There’s no room for blurring ethical rules in accounting profession
The massive public opinion backlash experienced by politically implicated persons in the accounting profession, demonstrates the risk of reputational damage when the fundamental principles guiding professionals in the accounting sector fall by the wayside.
These fundamental principles of the Code of Professional Conduct and Ethical Behaviour include integrity, professional behaviour, due care, competence and objectivity. When these fundamental principles are violated through the conduct of professional accountants, then questions are raised about the value and quality of the work they have performed.
Objectivity requires a critical independent mind by professional accountants when carrying out their duties and responsibilities.
In the realm of professional accountants, the highest form of assurance is "audit assurance" to the users who rely on the information presented in the financial statements. It is for this reason that their conduct should be beyond reproach.
If there is any form of bias when performing the functions as a professional accountant, that cannot be reduced or eliminated, then objectivity dies.
The major threats to independence include self-interest, self-review (being the player and the referee), advocacy, familiarity and intimidation. Even if there is the slightest perception of a threat to independence whether in the form of a conflict of interest or if the line between familiarity and professional behaviour becomes blurred, professional accountants must apply professional judgement to determine impact on the work performed.
Emphasis for ethical behaviour
The Code of Ethics for professional accountants established the International Ethics Standards Board for Accountants (IESBA) offers guidance when dealing with threats and safeguards to prevent any breach of the fundamental principles. In terms of the "Conceptual Framework Approach" or better described in rugby terms: touch, pause and engage; the threat of any ethical dilemma has to be identified, evaluated in terms of its severity and then it requires the use of whatever safeguards necessary to reduce or eliminate the threat. Any debacle in the accounting profession raises the question of ethical behaviour and the responsibility of the professional accountant to maintain the balance between serving the public interest and that of their client.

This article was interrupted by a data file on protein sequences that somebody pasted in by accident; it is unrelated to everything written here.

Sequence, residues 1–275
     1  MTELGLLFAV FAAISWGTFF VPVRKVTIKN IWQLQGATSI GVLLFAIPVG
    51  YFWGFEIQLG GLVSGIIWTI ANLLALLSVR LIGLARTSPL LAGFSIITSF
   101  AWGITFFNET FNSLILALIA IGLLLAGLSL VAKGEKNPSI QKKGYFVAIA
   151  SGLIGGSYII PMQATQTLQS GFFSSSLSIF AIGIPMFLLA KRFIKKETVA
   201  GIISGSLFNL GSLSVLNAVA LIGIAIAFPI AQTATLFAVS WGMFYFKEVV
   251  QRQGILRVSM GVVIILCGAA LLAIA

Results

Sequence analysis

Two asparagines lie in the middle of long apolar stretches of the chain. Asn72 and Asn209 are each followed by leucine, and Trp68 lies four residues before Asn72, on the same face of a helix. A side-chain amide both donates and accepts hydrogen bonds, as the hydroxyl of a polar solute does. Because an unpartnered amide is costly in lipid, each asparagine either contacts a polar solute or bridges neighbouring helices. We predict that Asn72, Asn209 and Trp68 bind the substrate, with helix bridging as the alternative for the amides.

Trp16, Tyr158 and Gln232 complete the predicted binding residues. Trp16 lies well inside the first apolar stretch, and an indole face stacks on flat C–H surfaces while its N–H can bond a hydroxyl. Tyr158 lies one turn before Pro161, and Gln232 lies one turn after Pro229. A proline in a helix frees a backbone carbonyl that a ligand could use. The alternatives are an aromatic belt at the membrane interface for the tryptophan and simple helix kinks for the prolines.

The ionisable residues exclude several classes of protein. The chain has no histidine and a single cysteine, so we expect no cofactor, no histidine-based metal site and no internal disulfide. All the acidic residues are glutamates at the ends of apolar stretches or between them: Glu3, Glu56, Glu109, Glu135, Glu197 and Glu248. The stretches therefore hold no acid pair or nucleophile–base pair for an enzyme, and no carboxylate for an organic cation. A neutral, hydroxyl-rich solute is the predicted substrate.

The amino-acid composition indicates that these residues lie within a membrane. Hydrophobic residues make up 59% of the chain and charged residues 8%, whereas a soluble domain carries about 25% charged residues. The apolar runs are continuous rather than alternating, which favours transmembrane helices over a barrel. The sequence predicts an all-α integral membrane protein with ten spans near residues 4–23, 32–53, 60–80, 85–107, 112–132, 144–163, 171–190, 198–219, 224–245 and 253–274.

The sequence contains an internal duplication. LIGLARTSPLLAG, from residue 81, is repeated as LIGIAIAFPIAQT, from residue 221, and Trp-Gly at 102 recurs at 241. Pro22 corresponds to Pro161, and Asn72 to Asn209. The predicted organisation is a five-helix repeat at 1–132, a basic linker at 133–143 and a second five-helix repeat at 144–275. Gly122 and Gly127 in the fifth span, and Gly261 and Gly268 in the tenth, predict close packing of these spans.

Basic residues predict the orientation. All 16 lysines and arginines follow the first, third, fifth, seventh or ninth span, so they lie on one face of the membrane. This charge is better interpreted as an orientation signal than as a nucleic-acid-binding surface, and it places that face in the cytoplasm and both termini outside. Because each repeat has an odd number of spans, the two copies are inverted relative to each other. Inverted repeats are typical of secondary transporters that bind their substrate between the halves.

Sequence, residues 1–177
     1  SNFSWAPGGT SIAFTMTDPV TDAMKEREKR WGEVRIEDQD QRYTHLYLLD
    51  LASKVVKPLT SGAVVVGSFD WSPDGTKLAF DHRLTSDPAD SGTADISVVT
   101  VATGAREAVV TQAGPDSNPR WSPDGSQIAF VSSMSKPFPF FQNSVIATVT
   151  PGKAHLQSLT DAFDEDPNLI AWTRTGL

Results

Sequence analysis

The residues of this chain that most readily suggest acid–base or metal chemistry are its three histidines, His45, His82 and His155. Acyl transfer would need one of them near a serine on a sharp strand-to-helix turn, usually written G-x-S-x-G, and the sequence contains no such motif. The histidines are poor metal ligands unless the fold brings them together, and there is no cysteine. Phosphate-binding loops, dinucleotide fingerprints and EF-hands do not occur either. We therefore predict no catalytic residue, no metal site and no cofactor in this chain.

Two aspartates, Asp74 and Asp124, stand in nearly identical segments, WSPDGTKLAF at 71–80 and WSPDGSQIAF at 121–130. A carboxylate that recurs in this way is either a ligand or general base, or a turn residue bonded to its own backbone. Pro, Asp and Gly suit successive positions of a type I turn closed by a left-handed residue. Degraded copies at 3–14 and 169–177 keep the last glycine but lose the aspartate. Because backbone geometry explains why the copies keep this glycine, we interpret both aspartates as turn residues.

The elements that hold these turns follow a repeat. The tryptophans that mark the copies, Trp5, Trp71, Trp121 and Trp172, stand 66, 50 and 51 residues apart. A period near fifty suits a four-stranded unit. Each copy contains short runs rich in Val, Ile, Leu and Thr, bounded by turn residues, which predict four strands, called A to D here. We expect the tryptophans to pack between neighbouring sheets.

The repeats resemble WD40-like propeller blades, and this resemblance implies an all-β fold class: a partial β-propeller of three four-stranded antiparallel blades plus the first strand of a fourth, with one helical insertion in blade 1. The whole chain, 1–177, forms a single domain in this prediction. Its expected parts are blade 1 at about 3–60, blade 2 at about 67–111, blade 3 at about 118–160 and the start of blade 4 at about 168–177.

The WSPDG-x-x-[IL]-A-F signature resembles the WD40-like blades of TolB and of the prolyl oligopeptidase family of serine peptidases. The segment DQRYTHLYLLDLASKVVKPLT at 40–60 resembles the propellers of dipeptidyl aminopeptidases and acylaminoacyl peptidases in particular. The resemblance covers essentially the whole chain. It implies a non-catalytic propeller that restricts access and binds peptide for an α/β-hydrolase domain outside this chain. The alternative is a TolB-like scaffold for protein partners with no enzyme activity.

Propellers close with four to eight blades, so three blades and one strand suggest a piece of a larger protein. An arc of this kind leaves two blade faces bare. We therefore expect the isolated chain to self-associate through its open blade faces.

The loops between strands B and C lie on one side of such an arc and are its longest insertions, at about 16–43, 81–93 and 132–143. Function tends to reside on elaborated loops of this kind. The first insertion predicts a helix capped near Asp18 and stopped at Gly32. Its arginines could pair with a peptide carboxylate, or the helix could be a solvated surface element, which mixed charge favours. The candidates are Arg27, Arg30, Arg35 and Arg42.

Professional Accounting Organisations (PAO), accredited by the International Federation of Accountants (IFAC), are pro-active in its approach to any matter that may bring their institutes into disrepute as a result of the conduct of their members.
Random checks and balances are conducted on members to ensure that they remain in "good standing" and we encourage the public to lay a complaint for investigation should they experience misconduct or unprofessional behaviour from our members.
Once accountants become aware of the irregularity they have to report it to a direct superior, and if they are the most senior person they have to consult with the board of directors or anybody who is involved in corporate governance in the organisation. The responsible people must be allowed time to rectify, remediate or mitigate the consequences of the identified or suspected non-compliance.
IFAC-accredited PAO’s advise their members to follow the internal route first. If they feel there is insufficient action to rectify the non-compliance, they can approach the regional forums and professional bodies. If there still remains unease they should consult legal counsel. The code acknowledges that a senior professional accountant is expected to apply their knowledge, professional judgment and expertise when dealing with matters, as they are in a unique position to influence the ethical culture of the organisations they serve.
The Code of Ethics states that where it is not possible to reduce the threat to an acceptable level, a professional accountant in business shall refuse to remain associated with information that is considered misleading.
It is critical for the professional accountant to meticulously document what he has done to address the non-compliance. This will act as proof that he adhered to the requirements and responsibilities set out in the new section of the code.
It is advisable to document the nature of the matter, the results of discussions with a superior, management and, where applicable, those charged with governance and other parties. It is important to document the response of the accountant’s superior, the courses of action the professional accountant considered, the judgments made and the decisions that were taken.
• Thokan-Mahomed is legal, ethics and compliance executive with the South African Institute of Professional Accountants.